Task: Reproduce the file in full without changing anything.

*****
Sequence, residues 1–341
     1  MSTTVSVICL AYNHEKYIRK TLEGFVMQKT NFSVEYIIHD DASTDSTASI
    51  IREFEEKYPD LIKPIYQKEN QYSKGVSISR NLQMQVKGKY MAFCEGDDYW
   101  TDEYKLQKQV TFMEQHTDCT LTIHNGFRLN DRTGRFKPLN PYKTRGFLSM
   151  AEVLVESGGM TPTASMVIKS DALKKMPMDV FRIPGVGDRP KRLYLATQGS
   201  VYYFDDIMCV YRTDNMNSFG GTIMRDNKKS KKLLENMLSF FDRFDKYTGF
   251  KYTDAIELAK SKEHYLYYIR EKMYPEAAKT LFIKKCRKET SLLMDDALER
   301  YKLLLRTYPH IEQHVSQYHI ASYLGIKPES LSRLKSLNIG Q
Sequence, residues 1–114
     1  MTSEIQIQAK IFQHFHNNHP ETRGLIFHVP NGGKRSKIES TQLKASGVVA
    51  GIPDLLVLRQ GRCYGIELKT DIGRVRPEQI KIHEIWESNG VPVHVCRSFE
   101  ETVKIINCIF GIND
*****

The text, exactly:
Sequence, residues 1–341
     1  MSTTVSVICL AYNHEKYIRK TLEGFVMQKT NFSVEYIIHD DASTDSTASI
    51  IREFEEKYPD LIKPIYQKEN QYSKGVSISR NLQMQVKGKY MAFCEGDDYW
   101  TDEYKLQKQV TFMEQHTDCT LTIHNGFRLN DRTGRFKPLN PYKTRGFLSM
   151  AEVLVESGGM TPTASMVIKS DALKKMPMDV FRIPGVGDRP KRLYLATQGS
   201  VYYFDDIMCV YRTDNMNSFG GTIMRDNKKS KKLLENMLSF FDRFDKYTGF
   251  KYTDAIELAK SKEHYLYYIR EKMYPEAAKT LFIKKCRKET SLLMDDALER
   301  YKLLLRTYPH IEQHVSQYHI ASYLGIKPES LSRLKSLNIG Q
Sequence, residues 1–114
     1  MTSEIQIQAK IFQHFHNNHP ETRGLIFHVP NGGKRSKIES TQLKASGVVA
    51  GIPDLLVLRQ GRCYGIELKT DIGRVRPEQI KIHEIWESNG VPVHVCRSFE
   101  ETVKIINCIF GIND